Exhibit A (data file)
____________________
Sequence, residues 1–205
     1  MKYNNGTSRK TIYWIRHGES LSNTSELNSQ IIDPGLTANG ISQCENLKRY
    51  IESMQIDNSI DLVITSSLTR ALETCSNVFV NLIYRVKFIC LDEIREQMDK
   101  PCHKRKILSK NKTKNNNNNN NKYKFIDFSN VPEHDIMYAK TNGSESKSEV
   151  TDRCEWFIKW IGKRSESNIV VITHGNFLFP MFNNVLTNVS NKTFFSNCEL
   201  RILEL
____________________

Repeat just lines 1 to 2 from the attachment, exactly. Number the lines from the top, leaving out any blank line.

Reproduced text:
Sequence, residues 1–205
     1  MKYNNGTSRK TIYWIRHGES LSNTSELNSQ IIDPGLTANG ISQCENLKRY